FIFTY YEARS ago this Sunday - March 27th, 1961 - a Derry athlete claimed the All-Ireland Individual Youth Cross-Country Championship and, to date, no one has ever replicated that magnificent success.
ARTHUR DUFFY reports
Representing Co. Derry at Killenaule, an 18-year-old named Willie Deery, stormed to a sensational victory in the Co. Tipperary mud and to this day, now aged 68, the former Beechwood Avenue resident had vivid memories of what was the highlight of his athletics career.
A partner in the firm of Deery & Conway Solicitors, based in Derry’s Castle Street, Willie still keeps fit by attending the gym two nights a week and, indeed, still pulls on his trainers to take part in charity fun runs,
“I actually ran in the 2005 London Marathon,” but my competitive career ended many moons ago,” he laughed.
Unasumming and particular modest, Willie was shocked when I contacted him this week, informing him of a milestone never to be equalled locally.
“It doesn’t seem like 50 years ago but I do have great memories of the occasion,” he recalled.
Having read over a copy of the “Derry Journal” report of the race, Willie agreed that his preparation for the race was “far from perfect!”
Indeed, the ‘Journal’ headline proclaimed: “Splended Achievement After all-night car trip.”
According to the report, the Derry athletes encountered mechanical problems - when they had reached Strabane on Saturday night!
“Co. Derry planned to have a team of several young runners in action at the Championships in which 15 counties competed but having reached Strabane, a series of events culminated in Derry’s greatest triumph,” said the report.
“The mini-bus in which the team was travelling broke down, so a reluctant return to Derry had to be made. There, Oak Leaf Club official, Brendan Duddy, got his own car and with other club officials, Hubert and Charlie Logue, Jack Peoples and Charlie McDowell, plus Deery, started out again on the 250 miles trip to Tipperary at 11 o’clock on Saturday night.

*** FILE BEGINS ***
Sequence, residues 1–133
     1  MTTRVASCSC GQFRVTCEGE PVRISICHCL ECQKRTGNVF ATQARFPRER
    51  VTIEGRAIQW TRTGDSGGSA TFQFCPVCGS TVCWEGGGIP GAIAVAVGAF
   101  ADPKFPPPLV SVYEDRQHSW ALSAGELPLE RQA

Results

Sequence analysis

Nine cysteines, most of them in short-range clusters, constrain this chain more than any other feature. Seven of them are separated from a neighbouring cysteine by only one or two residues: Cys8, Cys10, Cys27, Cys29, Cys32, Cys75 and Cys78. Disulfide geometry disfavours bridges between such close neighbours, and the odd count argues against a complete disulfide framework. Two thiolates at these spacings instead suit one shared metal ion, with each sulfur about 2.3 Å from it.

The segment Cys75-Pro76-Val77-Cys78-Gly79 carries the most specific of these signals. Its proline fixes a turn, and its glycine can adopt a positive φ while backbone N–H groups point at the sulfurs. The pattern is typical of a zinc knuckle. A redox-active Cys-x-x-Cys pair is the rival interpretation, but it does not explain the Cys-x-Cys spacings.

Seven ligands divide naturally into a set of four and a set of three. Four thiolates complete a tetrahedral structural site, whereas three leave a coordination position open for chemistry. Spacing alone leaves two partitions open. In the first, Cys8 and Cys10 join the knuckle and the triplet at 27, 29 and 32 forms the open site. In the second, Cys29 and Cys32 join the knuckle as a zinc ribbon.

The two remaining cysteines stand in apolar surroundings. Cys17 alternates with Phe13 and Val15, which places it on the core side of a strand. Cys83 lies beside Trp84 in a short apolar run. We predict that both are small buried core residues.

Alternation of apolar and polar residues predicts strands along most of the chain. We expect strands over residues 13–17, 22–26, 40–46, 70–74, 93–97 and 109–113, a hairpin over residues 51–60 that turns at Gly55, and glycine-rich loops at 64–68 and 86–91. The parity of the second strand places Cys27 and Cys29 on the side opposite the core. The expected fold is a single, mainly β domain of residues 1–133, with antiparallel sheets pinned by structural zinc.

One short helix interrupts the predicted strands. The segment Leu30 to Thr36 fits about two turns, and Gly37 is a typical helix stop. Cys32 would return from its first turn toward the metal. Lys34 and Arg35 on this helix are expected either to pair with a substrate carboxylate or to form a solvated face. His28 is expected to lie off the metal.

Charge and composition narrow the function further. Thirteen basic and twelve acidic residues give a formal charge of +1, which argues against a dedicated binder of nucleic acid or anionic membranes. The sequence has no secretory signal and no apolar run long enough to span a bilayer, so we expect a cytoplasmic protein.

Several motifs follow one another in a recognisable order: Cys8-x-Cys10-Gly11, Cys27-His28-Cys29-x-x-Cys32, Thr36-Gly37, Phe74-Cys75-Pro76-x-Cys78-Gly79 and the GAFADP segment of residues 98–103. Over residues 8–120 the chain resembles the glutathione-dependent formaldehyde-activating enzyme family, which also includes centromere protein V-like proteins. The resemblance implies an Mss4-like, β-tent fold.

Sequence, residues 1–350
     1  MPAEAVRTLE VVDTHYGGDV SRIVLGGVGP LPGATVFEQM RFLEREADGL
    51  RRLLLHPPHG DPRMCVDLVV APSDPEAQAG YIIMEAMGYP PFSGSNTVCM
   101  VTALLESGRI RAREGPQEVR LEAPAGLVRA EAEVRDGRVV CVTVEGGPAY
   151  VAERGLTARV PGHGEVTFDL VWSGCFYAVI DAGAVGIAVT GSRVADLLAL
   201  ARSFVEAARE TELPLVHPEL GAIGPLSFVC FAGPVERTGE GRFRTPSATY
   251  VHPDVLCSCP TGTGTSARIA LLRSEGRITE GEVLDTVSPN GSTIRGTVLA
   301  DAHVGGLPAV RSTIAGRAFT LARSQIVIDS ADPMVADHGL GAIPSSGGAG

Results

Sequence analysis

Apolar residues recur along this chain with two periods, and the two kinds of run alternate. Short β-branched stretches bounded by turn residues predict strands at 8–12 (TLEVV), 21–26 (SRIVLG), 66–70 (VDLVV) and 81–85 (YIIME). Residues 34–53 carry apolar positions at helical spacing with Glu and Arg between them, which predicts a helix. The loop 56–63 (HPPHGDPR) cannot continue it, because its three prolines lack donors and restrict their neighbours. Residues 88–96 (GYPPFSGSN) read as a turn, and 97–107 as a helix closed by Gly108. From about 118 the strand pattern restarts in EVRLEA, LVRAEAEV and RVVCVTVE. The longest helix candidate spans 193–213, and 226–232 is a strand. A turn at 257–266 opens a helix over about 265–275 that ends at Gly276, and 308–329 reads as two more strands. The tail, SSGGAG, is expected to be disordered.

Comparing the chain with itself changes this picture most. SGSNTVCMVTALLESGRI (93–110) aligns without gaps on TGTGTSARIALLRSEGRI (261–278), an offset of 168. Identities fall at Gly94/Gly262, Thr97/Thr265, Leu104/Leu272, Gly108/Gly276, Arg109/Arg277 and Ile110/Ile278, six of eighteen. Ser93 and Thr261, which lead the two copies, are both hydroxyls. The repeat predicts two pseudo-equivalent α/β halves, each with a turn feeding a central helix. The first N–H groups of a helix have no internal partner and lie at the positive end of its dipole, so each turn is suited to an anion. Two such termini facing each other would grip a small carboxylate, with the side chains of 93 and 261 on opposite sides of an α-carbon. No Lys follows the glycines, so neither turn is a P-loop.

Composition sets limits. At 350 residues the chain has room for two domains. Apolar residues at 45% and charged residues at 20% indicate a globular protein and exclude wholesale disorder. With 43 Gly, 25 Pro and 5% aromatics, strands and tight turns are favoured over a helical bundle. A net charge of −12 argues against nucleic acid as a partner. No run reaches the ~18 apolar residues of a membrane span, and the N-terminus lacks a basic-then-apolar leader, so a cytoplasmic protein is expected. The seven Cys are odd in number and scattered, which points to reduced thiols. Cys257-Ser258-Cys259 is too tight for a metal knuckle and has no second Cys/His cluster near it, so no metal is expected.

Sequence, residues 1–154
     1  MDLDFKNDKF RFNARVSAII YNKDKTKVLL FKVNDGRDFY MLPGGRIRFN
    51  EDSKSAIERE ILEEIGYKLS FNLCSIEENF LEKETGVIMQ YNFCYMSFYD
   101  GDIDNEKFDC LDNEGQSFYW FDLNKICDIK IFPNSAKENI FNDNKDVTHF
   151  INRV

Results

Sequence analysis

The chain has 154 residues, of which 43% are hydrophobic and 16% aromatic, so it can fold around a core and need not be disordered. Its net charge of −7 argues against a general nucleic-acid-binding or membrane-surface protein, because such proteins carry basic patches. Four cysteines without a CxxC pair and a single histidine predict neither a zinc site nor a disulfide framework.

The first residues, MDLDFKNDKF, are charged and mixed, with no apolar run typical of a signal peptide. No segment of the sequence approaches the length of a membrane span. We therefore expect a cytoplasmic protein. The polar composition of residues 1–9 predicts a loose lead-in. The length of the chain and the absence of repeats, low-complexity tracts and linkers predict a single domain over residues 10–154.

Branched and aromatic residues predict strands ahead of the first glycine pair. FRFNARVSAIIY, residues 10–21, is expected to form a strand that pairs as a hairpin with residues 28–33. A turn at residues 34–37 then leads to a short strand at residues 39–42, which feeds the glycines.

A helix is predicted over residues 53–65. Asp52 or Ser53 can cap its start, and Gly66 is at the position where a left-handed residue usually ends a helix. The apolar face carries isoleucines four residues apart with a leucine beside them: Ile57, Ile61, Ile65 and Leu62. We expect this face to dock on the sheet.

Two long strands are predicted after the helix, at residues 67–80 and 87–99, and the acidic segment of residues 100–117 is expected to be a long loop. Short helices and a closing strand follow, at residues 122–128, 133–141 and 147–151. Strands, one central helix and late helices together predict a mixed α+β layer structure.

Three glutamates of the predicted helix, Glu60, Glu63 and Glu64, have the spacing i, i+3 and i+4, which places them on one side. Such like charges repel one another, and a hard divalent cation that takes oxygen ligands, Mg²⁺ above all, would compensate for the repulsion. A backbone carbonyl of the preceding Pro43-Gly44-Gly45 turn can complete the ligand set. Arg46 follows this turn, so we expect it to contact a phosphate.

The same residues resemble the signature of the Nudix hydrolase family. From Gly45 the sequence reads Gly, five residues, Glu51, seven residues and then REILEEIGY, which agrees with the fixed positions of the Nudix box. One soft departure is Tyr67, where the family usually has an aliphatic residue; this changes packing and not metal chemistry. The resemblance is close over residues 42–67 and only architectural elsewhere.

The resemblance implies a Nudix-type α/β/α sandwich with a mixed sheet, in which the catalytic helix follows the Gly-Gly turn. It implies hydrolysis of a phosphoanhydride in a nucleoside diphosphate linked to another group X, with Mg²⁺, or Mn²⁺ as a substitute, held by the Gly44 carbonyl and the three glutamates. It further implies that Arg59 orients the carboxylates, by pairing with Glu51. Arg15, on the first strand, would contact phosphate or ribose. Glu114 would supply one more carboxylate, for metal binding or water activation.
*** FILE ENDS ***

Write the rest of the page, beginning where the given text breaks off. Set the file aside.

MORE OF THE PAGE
“On arriving at the border another crisis arose, for the Customs Post was closed, But the Gardai at Swanlinbar went in search of a Customs official and succeeded in getting the post opened to facility the entry of the Oak Leaf car into the 26 Counties. Stopping only for short rests, the party travelled throughout the night and early morning before arriving in Tipperary shortly before the time for the race,” continued the ‘Journal’ account of the proceedings.
“There, all formalities were waived to enable Deery to get prepared without fuss and he eventually took the field with 250 other runners from 15 counties.”
In front of a crowd of 2,500, Deery stormed into the lead half a mile from the finish to win easily by 80 yards with Co. Clare runners, G. Brogan and Lynch taking the other two podium places.
“I was 18 at the time, working in the former BSR Machine Shop and I didn’t really appreciate the achievement,” declared Willie this week.
“I didn’t know what the future held for me but, as it turned out, it was certainly the highlight of my athletics career.
“I have great memories of the event with Brendan Duddy the Co. Derry official in charge,” he recalled.
And the report also referred to Mr. Duddy’s thoughts at the end of the first lap.
The ‘Journal’ report went on: “We were very happy at that stage for we felt that Deery would win knowing his fantastic strength and finishing ability,” proclaimed Mr. Duddy after the race.
Amazingly, Willie didn’t actually take up the sport until after he had left school.
“Athletics in those days, especially at school, centred on the sprint events and I wasn’t much good that them. So after school I concentrated on cross country during the winter and on the longer distance athletic events on the track such as 800, 1,500, 5,000 and 10,000 metres events.
Now a proud father of three children and a grandfather to Áine and Aiden, outside jogging Willie enjoys cycling - “only when weather permitting,” he laughed.
B.S.R. Old Boy
From the old BSR, Willie continued his studies in the evenings and, in 1978 qualified as a solicitor having worked as an apprentice solicitor and hasn’t looked back.
“I enjoy working and, provided I keep in good health, I’ll continue to keep going,” he concluded.
Willie Deery did write one of the greatest pages in the Derry’s sporting history and that story book ending to what must have been a fantastic adventure on the way to the All-Ireland Cross-Country Championships in 1961 made the achievement all the more impressive. It was, indeed, a long way to Tipperary . . . !